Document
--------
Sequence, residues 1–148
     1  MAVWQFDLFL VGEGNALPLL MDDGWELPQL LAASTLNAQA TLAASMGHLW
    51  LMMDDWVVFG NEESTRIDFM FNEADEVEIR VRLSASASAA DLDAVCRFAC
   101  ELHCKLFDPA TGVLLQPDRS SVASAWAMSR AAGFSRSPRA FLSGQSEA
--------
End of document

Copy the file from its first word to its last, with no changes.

Sequence, residues 1–148
     1  MAVWQFDLFL VGEGNALPLL MDDGWELPQL LAASTLNAQA TLAASMGHLW
    51  LMMDDWVVFG NEESTRIDFM FNEADEVEIR VRLSASASAA DLDAVCRFAC
   101  ELHCKLFDPA TGVLLQPDRS SVASAWAMSR AAGFSRSPRA FLSGQSEA